I think the best reason to buy the Festool over the others is that the Festool saw is part of a much bigger system and that is where the Festool excells far beyond the others. The MFT tables are brilliant and I've lost count on how many times they've paid for themselves and when your using Festool routers, jigsaw, donino and sanders together the plug it cord is a real convience and time saver.
|Thread: Biscuit jointers ~ good or bad?|
I use both biscuits and more often dominos for the day job witch is mostly high end shopfitting and 2nd fix work. I couldn't be without them now and I could sing their praises all day long but for building furniture I wouldn't view them as a necessary tool. The only time I really use them for furniture would be for jointing boards together and that's really only for alignment and as Mike already said there are other ways of doing that. I don't think its cheating when they are used appropriately and preform a functional part of a project. However where dovetail joints or housing joints etc would be more appropriate and biscuits are used instead well then that's not just cheating that's BUTCHERY
|Thread: why not in ireland|
Try Brooks in Balbriggan, beside the builders merchants they have the biggest hardwood selection in Ireland and they're cheap aswell.
Hope this helps
|Thread: Bandsaw Vs Tablesaw|
I'm with Baz on this one, I really only use the bandsaw for resawing for everything else I use the tablesaw, plunge saw with guide rails or MFT. The MFT's are a little pricey but I love them.This video doesn't do it justice but it really is a brilliant table but again expensive.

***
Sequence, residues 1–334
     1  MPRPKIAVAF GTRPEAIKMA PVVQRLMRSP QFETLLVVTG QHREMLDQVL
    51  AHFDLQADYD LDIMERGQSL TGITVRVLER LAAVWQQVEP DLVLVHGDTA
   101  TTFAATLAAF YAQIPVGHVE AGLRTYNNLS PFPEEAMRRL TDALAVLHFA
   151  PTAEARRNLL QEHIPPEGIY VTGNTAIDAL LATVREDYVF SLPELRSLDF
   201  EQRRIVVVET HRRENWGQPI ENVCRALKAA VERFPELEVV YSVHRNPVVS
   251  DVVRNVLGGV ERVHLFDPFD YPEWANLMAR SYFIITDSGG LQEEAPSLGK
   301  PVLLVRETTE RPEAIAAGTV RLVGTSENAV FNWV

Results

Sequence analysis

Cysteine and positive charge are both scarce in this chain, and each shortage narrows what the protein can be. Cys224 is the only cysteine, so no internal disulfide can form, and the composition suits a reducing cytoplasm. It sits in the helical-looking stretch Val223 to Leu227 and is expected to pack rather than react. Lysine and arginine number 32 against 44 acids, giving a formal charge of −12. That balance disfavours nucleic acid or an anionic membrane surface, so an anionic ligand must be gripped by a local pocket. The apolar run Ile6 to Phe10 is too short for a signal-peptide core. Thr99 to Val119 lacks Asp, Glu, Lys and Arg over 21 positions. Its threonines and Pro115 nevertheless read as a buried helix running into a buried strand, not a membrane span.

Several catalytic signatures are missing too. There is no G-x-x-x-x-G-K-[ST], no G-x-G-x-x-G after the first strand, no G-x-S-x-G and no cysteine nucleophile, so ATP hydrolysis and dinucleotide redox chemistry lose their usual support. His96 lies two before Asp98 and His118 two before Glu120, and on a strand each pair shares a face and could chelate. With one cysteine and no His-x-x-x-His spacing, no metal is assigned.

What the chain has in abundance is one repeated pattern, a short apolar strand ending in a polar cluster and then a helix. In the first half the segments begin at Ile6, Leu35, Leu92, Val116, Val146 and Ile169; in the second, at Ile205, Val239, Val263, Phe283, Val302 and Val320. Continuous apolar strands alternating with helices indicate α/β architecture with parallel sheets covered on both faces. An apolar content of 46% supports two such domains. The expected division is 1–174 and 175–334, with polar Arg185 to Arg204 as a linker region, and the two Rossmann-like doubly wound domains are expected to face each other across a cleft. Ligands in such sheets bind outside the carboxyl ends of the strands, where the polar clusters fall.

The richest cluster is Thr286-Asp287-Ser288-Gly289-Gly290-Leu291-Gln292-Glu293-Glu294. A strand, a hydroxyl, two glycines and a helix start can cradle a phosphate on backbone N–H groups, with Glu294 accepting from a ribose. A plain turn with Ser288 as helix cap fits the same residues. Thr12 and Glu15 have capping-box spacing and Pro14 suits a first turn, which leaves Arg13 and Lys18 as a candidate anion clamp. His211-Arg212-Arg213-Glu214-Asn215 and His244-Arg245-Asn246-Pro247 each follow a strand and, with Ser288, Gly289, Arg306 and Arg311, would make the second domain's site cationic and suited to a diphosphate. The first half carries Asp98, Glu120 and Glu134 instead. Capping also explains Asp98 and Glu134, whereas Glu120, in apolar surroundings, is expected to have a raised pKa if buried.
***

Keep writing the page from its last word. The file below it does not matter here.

I'll second that, take a look at the Bacho 1031 chisels, I got a set from matthew a while back and they are the best chisels I've ever had. They hold a sharp edge noticeably longer than any marples chisels I've had in the past.
|Thread: Working on your own|
I was having a discussion the other day about what tricks of the trade or work-aids I use when working on my own. For example I have two adjustable leg stands ( I think they 're for plaster board ) I use all the time on site for putting up kitchen cabinets etc. Also my quick grip clamps come in handy all the time and I have three jumbo toolboxes on wheels witch saves my back. A few others spring to mind like a magic gripper thingy for holding doors and saw horses etc etc. One of the guys suggested this http://www.gorillagripper.com/ witch I think would be really useful.
But I would like to know do you have any tricks or work-aids to assist you working alone be they on site or on the workshop.
At £110, or probably more when it comes to the UK, I would recommend you get the 8" Tormek. Its about £150 but worth every penny. The Tormek is a well proven machine and the 8" version is easily transported on site. The worksharp looks like another gimmick to me and I seriously doubt it would stand up to the Tormek for functionality, accuracy and longevity.
|Thread: Bahco 1031 Bevel edged chisels|
I've been back in the workshop today and experimenting with with that 100 mircon lapping film you so kindly sent me. So far I've done a 50, 40, 38, 32, 25 and 18mm chisels that I never tuned up before and they were long over due a sharpening. If I'm honest my previous experience with flattening planes and chisels by hand on wet and dry paper has left me thinking that the whole process is very slow, very hard and very boring. The first thing I notiticed about this stuff is it is much faster than wet and dry and you can see the results with little effort. The second thing I noticed is that it doesn't clog up half as much, witch will certinley make it last longer. Overall I was very impressed with it and I would definitley reccommend it aswell as buy it myself.